Lord Selkirk [Douglas*] met Nolin at the Sault in 1816, and for some years afterwards urged him and his family to move to the Red River settlement (Man.). Nolin’s son Louis served as interpreter at Red River from 1815 to 1817, and by 1818 he and his brother Augustin, now both there, reported to Lord Selkirk that their father was considering the idea. Selkirk wrote to Alexander MacDonell, administrator of the colony, that “such a Settler must be a great acquisition” and he went far beyond his normal practices, showering the Nolin family with inducements. Jean-Baptiste would be given a “free hand” in setting up a trading post, and several Nolins were promised land grants, including a home “as close to the church as possible.” Before leaving for England in November 1818, Selkirk wrote to fur trader Robert Dickson, stating that Nolin’s decision to move to Red River was firm. “I am particularly desirous that he should meet with no impediment in conveying in so fine a lot of daughters, who may help to fix some of our Meurons more firmly to the soil of R. R.”
Nolin sold his Sault interests to Ermatinger and in 1819 moved his family to the Selkirk colony, to the post at Pembina (N.Dak.). Selkirk died in 1820, but his promises to the Nolin family were honoured. Jean-Baptiste and Augustin received their land grants, and Louis again served as interpreter. When a resolution of respect for the late Earl of Selkirk was passed at Fort Daer (Pembina) early in 1821, Jean-Baptiste and Augustin Nolin were among the notables who signed.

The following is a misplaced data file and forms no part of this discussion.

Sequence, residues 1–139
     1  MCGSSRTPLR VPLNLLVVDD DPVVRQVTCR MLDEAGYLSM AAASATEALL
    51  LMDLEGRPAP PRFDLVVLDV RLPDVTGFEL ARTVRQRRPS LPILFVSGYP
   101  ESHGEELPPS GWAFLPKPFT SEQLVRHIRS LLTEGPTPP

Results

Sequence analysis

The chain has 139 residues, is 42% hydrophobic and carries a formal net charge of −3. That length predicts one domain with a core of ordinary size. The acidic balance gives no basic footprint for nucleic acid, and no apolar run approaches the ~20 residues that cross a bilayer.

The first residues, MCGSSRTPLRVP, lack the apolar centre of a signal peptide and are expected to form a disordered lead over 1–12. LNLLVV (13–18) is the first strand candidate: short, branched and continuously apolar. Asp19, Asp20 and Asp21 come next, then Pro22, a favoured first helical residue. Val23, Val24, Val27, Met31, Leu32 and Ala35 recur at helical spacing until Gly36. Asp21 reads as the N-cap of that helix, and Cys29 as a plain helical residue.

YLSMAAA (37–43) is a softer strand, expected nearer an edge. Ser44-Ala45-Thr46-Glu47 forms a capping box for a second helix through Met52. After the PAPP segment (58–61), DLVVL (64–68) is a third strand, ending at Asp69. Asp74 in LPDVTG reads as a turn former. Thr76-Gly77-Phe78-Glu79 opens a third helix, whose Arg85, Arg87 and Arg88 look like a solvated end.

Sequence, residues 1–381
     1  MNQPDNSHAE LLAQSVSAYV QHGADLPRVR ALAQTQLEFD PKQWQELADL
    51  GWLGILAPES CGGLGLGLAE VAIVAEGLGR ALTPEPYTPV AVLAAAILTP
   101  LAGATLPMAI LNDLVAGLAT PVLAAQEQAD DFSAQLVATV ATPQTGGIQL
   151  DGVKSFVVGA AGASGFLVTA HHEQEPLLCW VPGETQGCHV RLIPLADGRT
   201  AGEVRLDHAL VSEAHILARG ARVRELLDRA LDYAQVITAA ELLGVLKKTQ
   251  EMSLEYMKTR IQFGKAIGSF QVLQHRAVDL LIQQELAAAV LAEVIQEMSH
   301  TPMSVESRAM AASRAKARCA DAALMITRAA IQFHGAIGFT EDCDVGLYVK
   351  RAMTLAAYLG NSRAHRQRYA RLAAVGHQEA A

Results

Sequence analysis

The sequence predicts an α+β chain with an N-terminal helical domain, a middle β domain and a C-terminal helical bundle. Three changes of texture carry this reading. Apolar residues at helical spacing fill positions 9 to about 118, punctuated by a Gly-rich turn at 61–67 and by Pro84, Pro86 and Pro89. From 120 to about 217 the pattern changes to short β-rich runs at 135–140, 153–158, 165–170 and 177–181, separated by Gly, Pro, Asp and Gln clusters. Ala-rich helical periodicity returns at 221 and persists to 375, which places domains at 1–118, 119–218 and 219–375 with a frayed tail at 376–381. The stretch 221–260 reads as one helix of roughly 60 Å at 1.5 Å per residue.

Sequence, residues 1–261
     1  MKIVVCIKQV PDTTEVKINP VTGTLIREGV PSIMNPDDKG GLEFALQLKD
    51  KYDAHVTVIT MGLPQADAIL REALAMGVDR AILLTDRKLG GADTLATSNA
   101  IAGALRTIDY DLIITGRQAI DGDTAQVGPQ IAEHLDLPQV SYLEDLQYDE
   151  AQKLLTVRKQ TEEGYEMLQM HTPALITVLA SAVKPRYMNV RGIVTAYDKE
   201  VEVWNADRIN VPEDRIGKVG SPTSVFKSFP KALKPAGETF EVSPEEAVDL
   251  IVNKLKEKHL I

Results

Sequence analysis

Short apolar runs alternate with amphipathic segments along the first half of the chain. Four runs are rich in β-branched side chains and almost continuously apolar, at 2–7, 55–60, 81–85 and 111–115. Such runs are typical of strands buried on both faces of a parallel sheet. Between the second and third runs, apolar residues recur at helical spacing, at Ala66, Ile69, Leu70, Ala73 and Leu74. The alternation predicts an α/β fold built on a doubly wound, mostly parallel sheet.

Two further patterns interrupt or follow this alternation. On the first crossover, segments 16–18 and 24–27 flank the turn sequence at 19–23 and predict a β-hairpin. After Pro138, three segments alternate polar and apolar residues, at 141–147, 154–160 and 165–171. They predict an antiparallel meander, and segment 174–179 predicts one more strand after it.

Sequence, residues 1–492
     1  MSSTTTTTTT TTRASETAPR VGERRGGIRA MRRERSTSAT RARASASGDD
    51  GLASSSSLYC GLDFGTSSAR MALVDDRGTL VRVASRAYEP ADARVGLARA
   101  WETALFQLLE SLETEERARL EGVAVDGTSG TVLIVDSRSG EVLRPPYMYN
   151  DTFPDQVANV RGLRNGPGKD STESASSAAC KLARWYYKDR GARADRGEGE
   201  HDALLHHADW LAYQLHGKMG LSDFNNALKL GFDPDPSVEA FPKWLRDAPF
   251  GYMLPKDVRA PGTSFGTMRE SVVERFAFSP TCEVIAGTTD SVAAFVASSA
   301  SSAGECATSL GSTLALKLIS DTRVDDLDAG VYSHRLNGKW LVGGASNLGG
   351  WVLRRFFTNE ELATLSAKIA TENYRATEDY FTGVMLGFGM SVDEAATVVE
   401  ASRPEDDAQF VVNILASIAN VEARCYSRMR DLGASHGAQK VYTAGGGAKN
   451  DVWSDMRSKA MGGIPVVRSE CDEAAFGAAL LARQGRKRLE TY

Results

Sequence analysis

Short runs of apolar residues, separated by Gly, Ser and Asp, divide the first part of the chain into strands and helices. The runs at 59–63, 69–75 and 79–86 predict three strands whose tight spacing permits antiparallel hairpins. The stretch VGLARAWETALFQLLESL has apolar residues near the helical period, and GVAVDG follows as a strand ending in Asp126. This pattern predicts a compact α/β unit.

By 1823 events had altered life in the Red River settlement. The NWC had become part of the Hudson’s Bay Company in 1821, bringing an end to their ruinous quarrels. John Halkett*, administrator of the Selkirk estate, closed the HBC post at Pembina, now in United States territory, in order to concentrate the settlers on British land to the north and to protect them from the Sioux. Most of the Métis at Pembina, including the Nolin family, moved north to St Boniface.
In August 1826 Francis Heron, an HBC employee at Fort Garry (Winnipeg), reported that “Old Nolin is at length become a lodger with the Bishop.” For the past few years, Roman Catholic bishop Joseph-Norbert Provencher* had urged Nolin’s daughter Angélique to become a teacher of the local Métis, but Nolin was opposed. In a letter to Archbishop Joseph-Octave Plessis of Quebec in early 1826 Provencher explained Nolin’s resistance: “He has all sorts of petty excuses, but above all he does not wish that his daughter be a servant. It is certainly not the status that I wish to give her.”
Having resisted to the end, Nolin died at Provencher’s home in August 1826 and was buried on 23 August; his age was given as 84. With Nolin out of the way, Provencher’s hopes became reality. In 1829 the first school for girls in western Canada was opened at St Boniface, with Angélique and Marguerite Nolin as teachers. The students were mostly daughters of French and Cree or Ojibwa parents.
The Nolin family was prominent on the Red River frontier in economic, political, and educational activities. One of Jean-Baptiste’s grandsons, Charles Nolin*, was a power in the Red River troubles of 1869–70, but disagreed with Metis leader Louis Riel* over the use of violence during the North-West rebellion of 1885.